What President Trump and Japan’s Shinzo Abe Will Discuss at Their Office-and-Golf Summit
With differences simmering in the background, U.S. President Donald Trump and Japanese Prime Minister Shinzo Abe open two days of talks on Friday looking to build a close relationship for what could be some tense times ahead.
An air of uncertainty was hanging over their summit as to what Trump might say after a presidential campaign in which he slammed the U.S. treaty obligation to defend Japan and accused the Japanese of stealing American jobs.
Trump and Abe are to hold Oval Office talks in the morning and a joint news conference at midday and then fly to Palm Beach, Florida, on Friday afternoon for a weekend stay at Trump’s Mar-a-Lago retreat.
There will be golf at one or two of Trump’s golf courses in the area.
It will be the most time Trump will have spent with a foreign leader since taking power on January 20 and his second face-to-face meeting with a key ally after talks with British Prime Minister Theresa May two weeks ago.
“I think the president just really enjoys his company and wants to not only get to know him better but to have a greater bilateral relationship,” White House spokesman Sean Spicer said. “He understands their importance in the region. He values his friendship and looks forward to deepening the relationship.”
The U.S. side took steps to get the two leaders off to a positive start by saying Trump would oppose any unilateral declarations that would undermine Japan’s administration of disputed islands in the East China Sea.
There have been long-standing tensions between China and Japan over what the Japanese consider their territorial waters in the East China Sea including islands known as the Senkaku in Japan and the Diaoyu in China.
In addition, a senior administration official said Trump was unlikely to raise with Abe his frequent charge that Japan manipulates currency markets to lower its currency. Trump has hurled the same accusation at China.
“I can tell you that’s not something that’s at the top of the list, but whether it comes up naturally in conversation, we’ll see over the course of that meeting,” said the official.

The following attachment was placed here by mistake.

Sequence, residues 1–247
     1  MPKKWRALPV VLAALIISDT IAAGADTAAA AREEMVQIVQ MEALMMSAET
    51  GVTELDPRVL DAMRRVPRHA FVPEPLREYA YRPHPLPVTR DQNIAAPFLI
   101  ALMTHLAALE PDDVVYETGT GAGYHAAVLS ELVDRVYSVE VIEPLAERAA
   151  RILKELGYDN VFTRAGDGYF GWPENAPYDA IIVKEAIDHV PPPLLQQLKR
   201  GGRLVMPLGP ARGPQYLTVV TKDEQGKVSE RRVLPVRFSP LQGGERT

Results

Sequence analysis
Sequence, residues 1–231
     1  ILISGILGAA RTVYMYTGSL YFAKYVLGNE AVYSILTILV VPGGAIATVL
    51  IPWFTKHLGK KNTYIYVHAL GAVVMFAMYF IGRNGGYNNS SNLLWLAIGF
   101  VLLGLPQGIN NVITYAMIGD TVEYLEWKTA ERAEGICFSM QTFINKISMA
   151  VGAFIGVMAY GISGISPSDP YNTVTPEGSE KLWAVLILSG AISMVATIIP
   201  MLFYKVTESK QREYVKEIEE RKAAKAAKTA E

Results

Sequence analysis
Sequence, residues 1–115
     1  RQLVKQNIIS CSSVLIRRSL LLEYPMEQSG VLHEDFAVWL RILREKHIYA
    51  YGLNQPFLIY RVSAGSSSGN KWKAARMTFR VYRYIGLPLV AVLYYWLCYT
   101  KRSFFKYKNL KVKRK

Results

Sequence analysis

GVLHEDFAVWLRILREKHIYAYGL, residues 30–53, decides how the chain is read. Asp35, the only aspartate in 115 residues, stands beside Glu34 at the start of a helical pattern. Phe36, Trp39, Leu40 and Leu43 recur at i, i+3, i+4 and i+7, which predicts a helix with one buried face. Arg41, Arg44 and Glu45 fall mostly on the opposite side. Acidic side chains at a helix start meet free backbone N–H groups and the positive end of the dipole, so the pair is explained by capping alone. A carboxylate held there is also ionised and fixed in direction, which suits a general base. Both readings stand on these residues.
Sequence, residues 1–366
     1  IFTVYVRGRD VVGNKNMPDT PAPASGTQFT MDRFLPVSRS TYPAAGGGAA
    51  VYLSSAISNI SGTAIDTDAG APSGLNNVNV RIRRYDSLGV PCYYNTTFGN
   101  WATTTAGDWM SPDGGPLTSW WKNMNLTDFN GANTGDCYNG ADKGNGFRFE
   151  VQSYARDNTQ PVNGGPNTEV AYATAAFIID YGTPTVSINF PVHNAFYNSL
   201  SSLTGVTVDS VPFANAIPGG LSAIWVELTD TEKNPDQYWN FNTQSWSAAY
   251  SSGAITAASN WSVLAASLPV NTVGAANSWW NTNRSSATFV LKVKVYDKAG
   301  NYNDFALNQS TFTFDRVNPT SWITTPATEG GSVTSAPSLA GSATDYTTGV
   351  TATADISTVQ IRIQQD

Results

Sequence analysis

Japan has had lingering concerns about what Trump’s self-styled “America First” strategy means for U.S. foreign policy in Asia as well as what his decision to withdraw from the Trans-Pacific Partnership trade pact means for bilateral economic ties.
Abe enters the talks hoping promises to help create U.S. jobs and bolster Japan’s military will persuade Trump to turn down the heat on economic matters and stand by the decades-old alliance.
Abe, who will be accompanied by Finance Minister Taro Aso and Foreign Minister Fumio Kishida, will bring a package of steps Tokyo says could create 700,000 U.S. jobs through private-public investment in infrastructure such as high-speed trains, Japanese government sources say.
Japanese officials have been soothed by security assurances from Defense Secretary Jim Mattis and others.
But they worry Trump may go off script, given his recent phone call with Australian Prime Minister Malcolm Turnbull. Leaks of that conversation showed Trump labeled a U.S.-Australian refugee swap deal “dumb.”
“There are concerns about Trump in every allied capital since his awkward phone call recently with Prime Minister Malcolm Turnbull of Australia,” said a background paper about the meeting written by Asian experts at the Center for Strategic and International Studies.
“Rather than bring a list of concrete ‘asks,’ Abe will likely approach this meeting emphasizing how he aligns with Trump on many of his objectives,” the paper said.
To avoid questions about whether Japan is paying Trump for Abe to stay at the beachfront Mar-a-Lago retreat, the White House declared that the entire visit there, including golf, is the official gift for Abe from Trump.
It will be Trump’s first use of Mar-a-Lago for diplomacy. He has said privately that the retreat is perfect for this use.